Firefighter's smile marks anniversary
Andre Sneyers was a face of the fire in 2003. Photo: Katherine Griffiths
He became one of the faces of the Canberra bushfires.
Andre Sneyers' beaming smile and smoke-blackened face represented all the men and women who had fought the fires and helped their neighbours when The Canberra Times published an ''Everyday Heroes'' special on January 26, 2003.
Snapped by CT photographer Graham Tidy at the Curtin emergency services staging point, Mr Sneyers is a member of the Rural Fire Service's Jerrabomberra Brigade.
Andre Sneyers's beaming smile and smoke blackened face represented all the men and women who had fought the fires and helped their neighbours out when The Canberra Times published an 'Everyday Heroes' special on January 26, 2003. Photo: Main photo by Graham Tidy
Since 2003 he has been as active in fighting fires as his work and family commitments allow. He works for TAMs as a tree assessor and with wife Louise is raising two sons, Lucas, 11, and Jared, 8.
On Friday he was remembering the hard decision to leave his family at their Pearce home to join his brigade. And he was also remembering the strange feeling of being seen as a face of the firefighting efforts.
''That made me realise how small and connected a community Canberra was. I remember a Sunday morning, getting a phone call at home from someone who'd looked me up and wanted to ring to thank me,'' he said.
Mr Sneyers' volunteer firefighting and his job with TAMs means he is reminded of the fires more frequently than most.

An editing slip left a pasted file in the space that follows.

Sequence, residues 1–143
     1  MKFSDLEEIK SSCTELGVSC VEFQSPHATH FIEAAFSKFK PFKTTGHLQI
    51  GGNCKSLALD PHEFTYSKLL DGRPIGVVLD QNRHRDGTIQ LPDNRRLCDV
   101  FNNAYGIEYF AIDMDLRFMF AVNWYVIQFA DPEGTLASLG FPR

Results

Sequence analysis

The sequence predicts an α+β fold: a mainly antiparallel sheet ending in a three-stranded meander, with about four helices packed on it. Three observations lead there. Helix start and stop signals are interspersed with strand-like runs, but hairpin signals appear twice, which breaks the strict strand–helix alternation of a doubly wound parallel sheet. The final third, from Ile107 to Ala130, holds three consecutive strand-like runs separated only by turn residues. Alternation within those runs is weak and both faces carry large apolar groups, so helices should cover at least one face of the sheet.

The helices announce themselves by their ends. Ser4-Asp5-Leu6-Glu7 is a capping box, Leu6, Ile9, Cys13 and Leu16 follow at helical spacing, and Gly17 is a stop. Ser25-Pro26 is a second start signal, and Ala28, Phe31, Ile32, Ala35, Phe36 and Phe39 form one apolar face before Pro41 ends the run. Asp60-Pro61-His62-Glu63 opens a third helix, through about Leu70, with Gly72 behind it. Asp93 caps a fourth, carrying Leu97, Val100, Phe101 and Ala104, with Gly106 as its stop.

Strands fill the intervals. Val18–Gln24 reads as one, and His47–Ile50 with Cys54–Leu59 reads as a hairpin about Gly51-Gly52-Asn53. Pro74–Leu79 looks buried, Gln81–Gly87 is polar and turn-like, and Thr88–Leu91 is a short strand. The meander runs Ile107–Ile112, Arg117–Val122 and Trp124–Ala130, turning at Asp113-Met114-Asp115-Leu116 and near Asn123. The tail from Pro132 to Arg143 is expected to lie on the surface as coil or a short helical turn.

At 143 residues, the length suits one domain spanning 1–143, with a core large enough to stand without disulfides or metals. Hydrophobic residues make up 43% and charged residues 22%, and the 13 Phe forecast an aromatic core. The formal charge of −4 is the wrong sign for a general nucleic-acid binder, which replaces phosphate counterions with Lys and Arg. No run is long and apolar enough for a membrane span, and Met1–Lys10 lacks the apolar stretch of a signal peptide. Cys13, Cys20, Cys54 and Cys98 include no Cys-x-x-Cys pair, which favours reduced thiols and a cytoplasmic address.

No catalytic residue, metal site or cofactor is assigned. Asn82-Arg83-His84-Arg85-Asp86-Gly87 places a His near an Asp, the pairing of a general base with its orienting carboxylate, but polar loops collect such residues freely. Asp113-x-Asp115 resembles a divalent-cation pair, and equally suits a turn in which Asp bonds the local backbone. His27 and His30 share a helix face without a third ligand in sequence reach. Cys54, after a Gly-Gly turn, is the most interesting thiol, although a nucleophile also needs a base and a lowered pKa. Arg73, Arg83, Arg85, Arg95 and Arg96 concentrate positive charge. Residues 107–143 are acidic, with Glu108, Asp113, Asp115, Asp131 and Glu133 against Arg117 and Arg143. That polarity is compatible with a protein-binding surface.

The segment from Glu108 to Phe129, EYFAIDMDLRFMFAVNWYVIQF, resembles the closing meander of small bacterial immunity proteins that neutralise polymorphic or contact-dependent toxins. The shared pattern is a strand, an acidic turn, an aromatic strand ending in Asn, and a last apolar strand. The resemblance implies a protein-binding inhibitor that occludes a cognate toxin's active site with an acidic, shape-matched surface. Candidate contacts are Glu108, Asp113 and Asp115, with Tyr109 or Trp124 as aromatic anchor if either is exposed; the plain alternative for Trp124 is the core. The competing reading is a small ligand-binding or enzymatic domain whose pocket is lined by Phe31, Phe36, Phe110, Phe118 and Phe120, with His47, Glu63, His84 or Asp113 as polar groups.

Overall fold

''The memories come to me much more often than every anniversary. Often I'm out inspecting trees in the area that got affected and I come across a tree that shows the scars, and talking to people, the stories come up.
''During fire season the smell and the haze gets people alert and we can be thrown back emotionally to that time and think about how unlucky and also how lucky we were.''
Ten years on, Mr Sneyers wishes Canberrans, especially children, had a greater awareness of the threat of fire.
He compared the city to cities in the northern states that do regular cyclone drills and said airconditioned homes seemed to make people further and further removed from nature.
But he said the sense of community, especially the micro-communities of streets and neighbourhoods, had grown from the fires.
''Canberra is small enough for us to have that sense of community. I've seen streets come together to mark this anniversary.
''And I've seen in my own street that we now all have a sheet of paper with each other's number on it, so if anything like this happens again we can look out for each other.''